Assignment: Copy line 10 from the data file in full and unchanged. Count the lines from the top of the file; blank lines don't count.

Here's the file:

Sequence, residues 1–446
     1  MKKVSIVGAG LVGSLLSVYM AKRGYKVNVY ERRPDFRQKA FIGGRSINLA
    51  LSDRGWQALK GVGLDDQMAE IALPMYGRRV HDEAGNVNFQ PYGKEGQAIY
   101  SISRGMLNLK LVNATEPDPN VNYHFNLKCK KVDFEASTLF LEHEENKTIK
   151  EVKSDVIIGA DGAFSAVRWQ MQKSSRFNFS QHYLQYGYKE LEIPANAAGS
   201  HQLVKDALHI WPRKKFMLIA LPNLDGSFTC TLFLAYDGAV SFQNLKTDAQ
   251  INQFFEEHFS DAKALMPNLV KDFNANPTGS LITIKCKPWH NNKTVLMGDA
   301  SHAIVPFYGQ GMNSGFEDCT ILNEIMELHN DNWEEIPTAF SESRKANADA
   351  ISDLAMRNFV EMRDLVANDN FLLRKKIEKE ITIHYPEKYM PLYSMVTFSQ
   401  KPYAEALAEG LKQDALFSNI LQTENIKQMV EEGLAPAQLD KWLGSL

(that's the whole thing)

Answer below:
   401  KPYAEALAEG LKQDALFSNI LQTENIKQMV EEGLAPAQLD KWLGSL